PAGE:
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Popular Japanese Tea Varieties - Enjoy Natural Sweetness

Popular Japanese Tea Varieties - Enjoy Natural Sweetness

Translated by Lester Somera

Written by Ayako Motokimida

2017.08.30 Bookmark

Unlike its overseas counterparts, Japanese green tea is unsweetened. The lack of sugar allows you to savor the natural sweetness of the tea leaves. It goes great with rice dishes, so do take the next chance and try it!

Bottled tea is readily available for purchase at convenience stores and in vending machines, whenever and wherever you want a drink. However, you might be surprised at your first sip from one of these bottles in Japan.

It’s… not sweet!

That’s right, Japanese tea is unsweetened.

Unsweetened Japanese Tea

Tea sold abroad, whether it is black, green or jasmine, almost always contains sugar, honey, or some other kind of sweetener.

In Southeast Asia, even bottles of tea labeled “sugarless” or “non-sugar” use sweeteners other than sugar, making them taste very sweet to the Japanese palate. It’s quite a shock to Japanese people, who expect unsweetened tea, to find that other countries sweeten their jasmine and green tea.

In Japan, tea usually refers to green tea. Japanese green tea bottles contain no sugar or other sweeteners. To Japanese people, green tea is a delicate flavor, and its depth and bittersweet taste are to be experienced with the original taste of the leaves.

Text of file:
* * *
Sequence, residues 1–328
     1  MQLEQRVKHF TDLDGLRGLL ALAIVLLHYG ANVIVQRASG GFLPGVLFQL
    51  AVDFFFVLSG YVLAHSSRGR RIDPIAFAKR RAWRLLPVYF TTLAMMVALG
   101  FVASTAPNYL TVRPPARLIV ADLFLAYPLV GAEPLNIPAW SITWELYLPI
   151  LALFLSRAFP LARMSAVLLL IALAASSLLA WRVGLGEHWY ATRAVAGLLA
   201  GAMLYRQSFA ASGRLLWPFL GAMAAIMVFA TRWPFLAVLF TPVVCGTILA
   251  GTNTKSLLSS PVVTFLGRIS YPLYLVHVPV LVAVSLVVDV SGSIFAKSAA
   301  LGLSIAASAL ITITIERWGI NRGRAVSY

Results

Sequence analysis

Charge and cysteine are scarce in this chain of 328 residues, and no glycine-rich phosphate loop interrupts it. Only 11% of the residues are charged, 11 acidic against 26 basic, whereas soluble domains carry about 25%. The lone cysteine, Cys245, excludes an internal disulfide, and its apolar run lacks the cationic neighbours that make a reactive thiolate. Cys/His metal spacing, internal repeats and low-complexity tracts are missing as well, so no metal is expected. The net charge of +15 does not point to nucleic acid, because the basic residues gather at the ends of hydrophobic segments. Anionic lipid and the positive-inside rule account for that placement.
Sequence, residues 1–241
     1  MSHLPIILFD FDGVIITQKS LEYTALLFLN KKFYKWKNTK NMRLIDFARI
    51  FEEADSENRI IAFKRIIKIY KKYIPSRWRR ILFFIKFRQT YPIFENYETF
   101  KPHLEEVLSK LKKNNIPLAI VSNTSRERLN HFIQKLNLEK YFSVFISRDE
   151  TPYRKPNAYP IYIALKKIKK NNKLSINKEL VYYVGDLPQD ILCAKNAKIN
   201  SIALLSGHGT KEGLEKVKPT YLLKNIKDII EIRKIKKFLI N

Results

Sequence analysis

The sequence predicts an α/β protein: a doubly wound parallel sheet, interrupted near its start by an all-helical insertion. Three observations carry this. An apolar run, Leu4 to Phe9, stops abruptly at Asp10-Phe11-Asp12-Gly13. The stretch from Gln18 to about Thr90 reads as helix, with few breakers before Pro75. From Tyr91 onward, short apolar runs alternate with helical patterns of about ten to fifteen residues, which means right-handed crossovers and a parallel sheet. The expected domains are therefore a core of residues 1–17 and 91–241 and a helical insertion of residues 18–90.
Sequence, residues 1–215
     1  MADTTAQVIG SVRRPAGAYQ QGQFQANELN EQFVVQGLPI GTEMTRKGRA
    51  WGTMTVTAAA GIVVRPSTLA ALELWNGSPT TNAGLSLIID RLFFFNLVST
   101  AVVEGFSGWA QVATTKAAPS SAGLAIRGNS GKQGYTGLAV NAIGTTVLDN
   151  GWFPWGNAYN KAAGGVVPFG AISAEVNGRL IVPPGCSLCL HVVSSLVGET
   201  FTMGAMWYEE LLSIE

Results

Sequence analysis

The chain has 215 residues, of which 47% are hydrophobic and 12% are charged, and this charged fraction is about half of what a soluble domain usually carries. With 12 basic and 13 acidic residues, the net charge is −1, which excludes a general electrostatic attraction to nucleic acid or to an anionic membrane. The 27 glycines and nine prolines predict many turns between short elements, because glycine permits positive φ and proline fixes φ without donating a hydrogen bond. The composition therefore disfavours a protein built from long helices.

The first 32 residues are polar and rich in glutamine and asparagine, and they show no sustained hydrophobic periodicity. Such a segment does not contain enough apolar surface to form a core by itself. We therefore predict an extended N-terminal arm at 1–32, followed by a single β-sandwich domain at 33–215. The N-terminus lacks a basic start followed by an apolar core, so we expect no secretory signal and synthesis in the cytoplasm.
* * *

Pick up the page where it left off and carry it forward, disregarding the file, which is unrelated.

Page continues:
A standard drink in Japan, green tea can be found in any home, office or restaurant. Naturally, tea carefully brewed from leaves is delicious, but bottled tea has this original flavor a well.

When you come to Japan, you can easily sample bottled tea, but with so many varieties, which one should you choose? Even if you’re told that they are all green tea, you won’t know how they differ, and which one you’ll prefer.

Each tea maker is careful to draw out the “sweetness” of the tea. Let’s look at the different characteristics they focus on, along with the products.

The Various Focuses of Different Types of Bottled Tea

This is a lineup of tea typically sold at convenience stores and in vending machines. Itoen’s “O-i Ocha,” Kirin Beverage’s “Nama-Cha,” Suntory’s “Iyemon” and Coca Cola Japan’s “Ayataka” are all unsweetened green teas, but they each have their own unique flavor.

O-i Ocha

O-i Ocha has been on the market for over three decades and could be called the progenitor of bottled green tea. Released in 1990 as the world’s first green tea sold in a bottle, O-i Ocha has been the market leader in green tea drinks up to the present day, and any Japanese person will have heard of it. Through a careful proprietary manufacturing process, Itoen eliminates any sediments or impurities in the liquid. Only the tea itself is extracted. Due to that process, O-i Ocha has a very refreshing flavor. We recommend it for green tea novices, due to its clear taste.

Nama-Cha

Nama-Cha possesses the characteristically mild, refreshing and natural sweetness of the tea. It's produced by only using a combination of domestic high-grade Gyokuro green tea, a mild green tea that has been screened from sunlight, and deep-steamed green tea. Gyokuro is synonymous with high-class green tea, and is said to be most delicious when brewed with warm water at about 60 degrees Celsius.